Yes, there are indeed only 24 hours in the day, but if you are spending the majority of it doing the things you want to do and are the happier for it, then what does it matter that you’re “occupied” for most of it?

I dropped a few extracurriculars that brought down my mood. Even though the time commitment was minimal, my mood fell disproportionately.

I challenge you to an experiment. Think of one activity that bothers you. Then, think about earnestly for the next day what it would be like for you to quit the activity. Don’t actually quit it, but envision that you will be quitting within the week. If your mood perks up just with this pretend prospect of quitting, you should follow your gut and quit.

You might be too old or jaded to buy the, life is too short to be unhappy, hoo-hah Hallmark tosses in their cards, but you need to realize the utter futility of voluntarily strapping yourself to a charging bull for the rest of your life.

3) Accept that it is okay to not be like the people around you.

This particular point addresses the reasons why we do the things we don’t want to do. I took two of the most painful math classes because I felt that I should be taking math classes. I comped Women in Business and suffered through freshmen dribble because everyone (who was a woman) was in Women in Business already. I dragged myself to the introductory meetings of Harvard Investment Association and wondered what the point was about giving us information so general as to be effectively useless.

It is okay not to be an EC/MCB/CPB/OEB/HEB/Gov concentrator. It is okay to be VES. It is also completely okay to NOT work for a hedge fund in the summer, or to not do e-recruiting, or to not comp The Crimson.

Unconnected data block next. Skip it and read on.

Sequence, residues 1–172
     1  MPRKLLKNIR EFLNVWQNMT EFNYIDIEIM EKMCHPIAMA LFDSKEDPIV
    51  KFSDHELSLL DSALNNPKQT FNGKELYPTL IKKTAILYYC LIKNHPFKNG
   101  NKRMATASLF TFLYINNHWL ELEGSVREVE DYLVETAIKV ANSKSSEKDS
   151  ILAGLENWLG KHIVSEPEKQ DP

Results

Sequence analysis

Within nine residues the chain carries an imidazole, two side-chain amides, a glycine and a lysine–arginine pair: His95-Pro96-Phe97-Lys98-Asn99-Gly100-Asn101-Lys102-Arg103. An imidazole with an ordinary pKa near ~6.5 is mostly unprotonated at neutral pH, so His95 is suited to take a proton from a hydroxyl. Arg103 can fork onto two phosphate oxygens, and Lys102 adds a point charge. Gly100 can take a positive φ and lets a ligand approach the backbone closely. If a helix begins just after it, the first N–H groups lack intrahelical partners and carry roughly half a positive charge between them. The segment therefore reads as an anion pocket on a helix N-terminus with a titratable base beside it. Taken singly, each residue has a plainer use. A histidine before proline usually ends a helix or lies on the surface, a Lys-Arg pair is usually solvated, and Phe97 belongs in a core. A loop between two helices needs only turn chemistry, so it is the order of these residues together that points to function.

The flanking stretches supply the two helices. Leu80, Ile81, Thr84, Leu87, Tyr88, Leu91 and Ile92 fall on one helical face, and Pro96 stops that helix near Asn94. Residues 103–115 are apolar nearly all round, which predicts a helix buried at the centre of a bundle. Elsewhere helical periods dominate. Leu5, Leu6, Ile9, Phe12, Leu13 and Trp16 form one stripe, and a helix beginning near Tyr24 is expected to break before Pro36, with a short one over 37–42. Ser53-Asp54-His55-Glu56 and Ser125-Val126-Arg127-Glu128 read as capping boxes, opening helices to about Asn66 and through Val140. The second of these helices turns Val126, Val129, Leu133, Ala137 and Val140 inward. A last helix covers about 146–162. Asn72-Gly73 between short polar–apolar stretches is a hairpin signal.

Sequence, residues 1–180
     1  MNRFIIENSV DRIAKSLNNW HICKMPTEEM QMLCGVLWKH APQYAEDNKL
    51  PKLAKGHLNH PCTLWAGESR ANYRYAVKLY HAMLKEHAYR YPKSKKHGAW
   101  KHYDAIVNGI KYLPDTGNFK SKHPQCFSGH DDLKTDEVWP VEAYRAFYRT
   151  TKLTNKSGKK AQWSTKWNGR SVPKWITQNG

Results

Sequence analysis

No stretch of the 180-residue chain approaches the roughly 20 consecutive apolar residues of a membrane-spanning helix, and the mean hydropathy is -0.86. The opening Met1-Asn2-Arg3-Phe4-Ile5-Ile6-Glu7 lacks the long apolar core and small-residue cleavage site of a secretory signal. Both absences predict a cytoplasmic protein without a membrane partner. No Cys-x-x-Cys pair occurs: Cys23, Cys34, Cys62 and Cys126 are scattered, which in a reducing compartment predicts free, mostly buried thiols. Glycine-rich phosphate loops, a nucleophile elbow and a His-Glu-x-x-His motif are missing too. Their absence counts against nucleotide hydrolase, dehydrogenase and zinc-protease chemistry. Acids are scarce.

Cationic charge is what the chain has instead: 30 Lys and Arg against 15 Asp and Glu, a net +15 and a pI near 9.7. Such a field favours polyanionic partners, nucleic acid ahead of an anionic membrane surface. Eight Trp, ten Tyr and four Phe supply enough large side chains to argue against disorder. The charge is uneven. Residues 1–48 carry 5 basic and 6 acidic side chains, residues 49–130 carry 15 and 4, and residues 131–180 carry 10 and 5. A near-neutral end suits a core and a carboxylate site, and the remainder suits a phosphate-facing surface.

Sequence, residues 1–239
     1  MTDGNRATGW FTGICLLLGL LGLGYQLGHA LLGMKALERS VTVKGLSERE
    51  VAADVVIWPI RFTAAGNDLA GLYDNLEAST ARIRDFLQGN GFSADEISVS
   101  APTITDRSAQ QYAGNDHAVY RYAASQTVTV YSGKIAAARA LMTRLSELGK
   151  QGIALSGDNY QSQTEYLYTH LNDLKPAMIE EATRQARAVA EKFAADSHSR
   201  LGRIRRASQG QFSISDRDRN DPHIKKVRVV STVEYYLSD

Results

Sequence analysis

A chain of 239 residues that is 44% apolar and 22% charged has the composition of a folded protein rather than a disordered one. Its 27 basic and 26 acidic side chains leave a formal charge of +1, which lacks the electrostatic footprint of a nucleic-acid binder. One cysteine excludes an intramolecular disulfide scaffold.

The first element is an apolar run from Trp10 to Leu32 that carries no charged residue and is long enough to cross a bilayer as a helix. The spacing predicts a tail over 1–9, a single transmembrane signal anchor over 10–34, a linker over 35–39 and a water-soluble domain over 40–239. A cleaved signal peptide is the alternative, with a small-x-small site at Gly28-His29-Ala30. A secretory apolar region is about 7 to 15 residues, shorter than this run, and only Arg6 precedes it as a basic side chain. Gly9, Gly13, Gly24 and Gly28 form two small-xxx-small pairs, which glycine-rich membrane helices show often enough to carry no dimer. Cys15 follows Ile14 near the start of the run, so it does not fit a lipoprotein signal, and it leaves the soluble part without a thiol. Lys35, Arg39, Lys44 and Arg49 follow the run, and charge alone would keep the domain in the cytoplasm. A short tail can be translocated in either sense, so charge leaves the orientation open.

One of the main selling points of Harvard is that there is something for everyone. Conversely, somethings may be for MOST people, but NOT everyone.

4) If you cannot go to a party on Friday night without guilty for not doing work, something is wrong.

At the Business Board happy hour for The Crimson, I patiently listened to the suffering of this Pre-med comper who ranted on about how he should be writing papers and that he “should not be here.”

Honestly, if you actually “should” be writing papers, you would be happier and more inclined to be writing papers on a Friday night by the fact that writing papers is personally more enjoyable than hanging around with a bunch of strangers. If you cannot let yourself not talk about work at a social gathering, then you obviously are unhappy with some aspect of your life.

For all the courage that Harvard students have in launching web sites and companies, we are strangely lacking in the courage to stop doing what we no longer want to do.

5) Didn’t you go to Harvard because you thought it was some sort of ticket to eternal happiness anyway?

Harvard has a lot to offer. Don’t let your own hang-ups get in the way of actually doing what you personally want.

6) The Clincher: Happier People Are More Productive!

Unproven. But, they definitely appear more productive because they are happily doing whatever it is they are doing.

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2 Responses to “Happiness: The Most Underutilized Asset at Harvard”

  1. 1 Kristin

    You are amazing. I agree with most of it, nearly all of it actually. When do you find the time to write this? And when are we going to write a book together? Love ya.

  2. 2 nikki

    SO TRUE. I hate it! lol. but i invested so much into getting in i’m probably staying. def thought i bought an eternal happiness when i got in ….